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Fritz von Uhde, Kinderstube (Nursery, 1889).[n 1] The painting depicts children playing in a nursery (sense 1.1).
Politicians María Eugenia Vidal and Carolina Stanley visiting a nursery (sense 1.2) or crèche in Buenos Aires, Argentina.
A nursery (sense 1.3) or nursery school in Osaka, Japan.
A calf in the nursery of a farm (sense 2.1).
A nursery (sense 2.2) or garden centre in Stockton-on-Tees, County Durham, England, United Kingdom.

From Middle English noricerie, norserye (children's nursery; state of being fostered or nursed; education, upbringing) [and other forms],[1] from Old French norricerie, nourricerie, from norrice, nourrice (modern French nourrice (childminder, nanny; wet nurse)) + -erie (suffix forming feminine nouns). Norrice and nourrice are derived from Late Latin nūtrīcia (wet nurse), from Latin nūtrīcius (that nurses or suckles; nourishing), from nūtriō (to breastfeed, nurse, suckle), possibly ultimately from Proto-Indo-European *(s)neh₂- (to flow). The English word may be analysed as nourice, nurse +‎ -ery (suffix forming nouns meaning ‘place of’).[2]



nursery (countable and uncountable, plural nurseries)

  1. (countable) A place where nursing (breastfeeding) or the raising of children is carried on.
    1. (by extension) Especially in European countries: a room or area in a household set apart for the care of children.
      • 1869 May, Anthony Trollope, “Lady Milborough as Ambassador”, in He Knew He Was Right, volume I, London: Strahan and Company, [], OCLC 1118026626, page 87:
        As soon as she was alone and the carriage had been driven well away from the door, Mrs. Trevelyan left the drawing-room and went up to the nursery. As she entered she clothed her face with her sweetest smile. "How is his own mother's dearest, dearest, darling duck?" she said, putting out her arms and taking the boy from the nurse.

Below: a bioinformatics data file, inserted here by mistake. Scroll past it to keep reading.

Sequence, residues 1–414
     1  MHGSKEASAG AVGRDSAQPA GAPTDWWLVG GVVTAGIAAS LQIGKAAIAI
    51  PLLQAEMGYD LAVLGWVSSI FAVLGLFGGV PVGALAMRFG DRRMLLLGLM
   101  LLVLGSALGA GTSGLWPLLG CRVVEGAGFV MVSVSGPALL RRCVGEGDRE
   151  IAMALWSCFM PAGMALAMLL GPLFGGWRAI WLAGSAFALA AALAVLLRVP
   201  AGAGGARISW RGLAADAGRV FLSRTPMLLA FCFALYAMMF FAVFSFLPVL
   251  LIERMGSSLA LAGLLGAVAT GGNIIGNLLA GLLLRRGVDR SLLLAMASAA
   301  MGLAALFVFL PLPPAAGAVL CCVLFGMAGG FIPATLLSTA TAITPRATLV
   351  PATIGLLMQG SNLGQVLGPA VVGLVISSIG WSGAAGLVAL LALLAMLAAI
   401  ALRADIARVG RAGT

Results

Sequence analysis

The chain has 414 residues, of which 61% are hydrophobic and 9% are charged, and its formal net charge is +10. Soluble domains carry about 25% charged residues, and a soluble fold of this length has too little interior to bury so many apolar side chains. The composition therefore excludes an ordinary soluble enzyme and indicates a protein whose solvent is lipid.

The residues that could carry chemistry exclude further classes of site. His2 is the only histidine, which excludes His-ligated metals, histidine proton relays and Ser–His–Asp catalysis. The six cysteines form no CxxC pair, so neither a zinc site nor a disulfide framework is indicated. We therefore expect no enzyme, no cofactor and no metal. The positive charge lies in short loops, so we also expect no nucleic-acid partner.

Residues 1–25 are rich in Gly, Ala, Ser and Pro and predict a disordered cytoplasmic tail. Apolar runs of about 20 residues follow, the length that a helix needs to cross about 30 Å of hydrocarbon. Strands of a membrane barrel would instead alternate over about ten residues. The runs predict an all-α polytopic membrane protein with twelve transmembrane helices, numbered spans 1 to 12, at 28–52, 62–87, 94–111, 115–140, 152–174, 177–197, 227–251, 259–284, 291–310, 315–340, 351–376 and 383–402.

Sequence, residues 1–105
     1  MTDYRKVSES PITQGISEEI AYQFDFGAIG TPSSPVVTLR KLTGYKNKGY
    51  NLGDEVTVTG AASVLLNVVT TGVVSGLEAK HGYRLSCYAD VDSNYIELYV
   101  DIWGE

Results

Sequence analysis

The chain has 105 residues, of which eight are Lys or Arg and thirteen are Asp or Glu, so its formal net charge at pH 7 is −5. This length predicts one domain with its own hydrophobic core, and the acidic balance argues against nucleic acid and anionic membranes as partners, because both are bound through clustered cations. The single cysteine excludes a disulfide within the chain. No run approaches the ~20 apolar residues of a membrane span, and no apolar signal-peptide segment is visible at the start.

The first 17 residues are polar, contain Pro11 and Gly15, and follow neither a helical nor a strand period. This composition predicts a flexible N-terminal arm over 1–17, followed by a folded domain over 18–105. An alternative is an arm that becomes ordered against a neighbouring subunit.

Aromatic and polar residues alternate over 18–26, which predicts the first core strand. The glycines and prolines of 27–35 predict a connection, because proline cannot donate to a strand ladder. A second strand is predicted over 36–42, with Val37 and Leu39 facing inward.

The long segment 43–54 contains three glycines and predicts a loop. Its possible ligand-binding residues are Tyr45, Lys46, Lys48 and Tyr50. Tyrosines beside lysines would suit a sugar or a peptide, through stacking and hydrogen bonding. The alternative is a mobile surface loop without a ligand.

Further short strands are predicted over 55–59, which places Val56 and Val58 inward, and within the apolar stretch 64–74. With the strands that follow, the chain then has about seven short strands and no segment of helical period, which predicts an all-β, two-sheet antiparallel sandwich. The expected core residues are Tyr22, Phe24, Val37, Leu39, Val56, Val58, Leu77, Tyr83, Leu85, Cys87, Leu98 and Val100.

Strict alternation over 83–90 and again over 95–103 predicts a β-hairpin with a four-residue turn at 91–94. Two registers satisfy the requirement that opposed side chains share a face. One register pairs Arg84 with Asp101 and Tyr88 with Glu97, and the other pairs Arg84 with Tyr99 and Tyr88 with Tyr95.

• 1907 August, Robert W[illiam] Chambers, “His Own People”, in The Younger Set, New York, N.Y.: D. Appleton & Company, OCLC 24962326, page 14:
        But they had already discovered that he could be bullied, and they had it their own way; and presently Selwyn lay prone upon the nursery floor, impersonating a ladrone while pleasant shivers chased themselves over Drina, whom he was stalking.
    2. A place where the pre-school children of working parents are supervised during the day; a crèche, a daycare centre.
    3. A nursery school (a school where pre-school children learn and play at the same time).
    4. (Philippines) The first year of pre-school.
  2. (countable, also figuratively) A place where anything is fostered and growth promoted.
    • c. 1590–1592, William Shakespeare, “The Taming of the Shrew”, in Mr. William Shakespeares Comedies, Histories, & Tragedies [] (First Folio), London: [] Isaac Iaggard, and Ed[ward] Blount, published 1623, OCLC 606515358, [Act I, scene i], page 210, column 2:
      [S]ince for the great deſire I had
      To ſee faire Padua, nurſerie of Arts,
      I am arriu'd for fruitfull Lombardie,
      The pleaſant garden of great Italy.
    • 1629, Fra[ncis] Lenton, “Section XIV. The Young Gallant’s Whirlgig.”, in James Orchard Halliwell, editor, The Marriage of Wit and Wisdom, an Ancient Interlude. [], London: [] Shakespeare Society, published 1846, OCLC 1118530543, page 129:
      Playes are the nurseries of vice, the bawd, / That thorow the senses steales our hearts abroad, / Tainting our eares with obscæne bawdery, / Lascivious words, and wanton ribaulry.
    • 2010, Tracey Wickham; with Peter Meares, chapter 1, in Treading Water, North Sydney, N.S.W.: Ebury Publishing, →ISBN; republished Sydney, N.S.W.: ReadHowYouWant, 2011, →ISBN, part 1 (Birth of a Champion: That Solomon’s Crawl), page 7:
      Nudgee College is regarded as the greatest rugby nursery in Queensland, with the boys in the blue-and-white butcher's stripes winning more Greater Public School rugby premierships than any other team.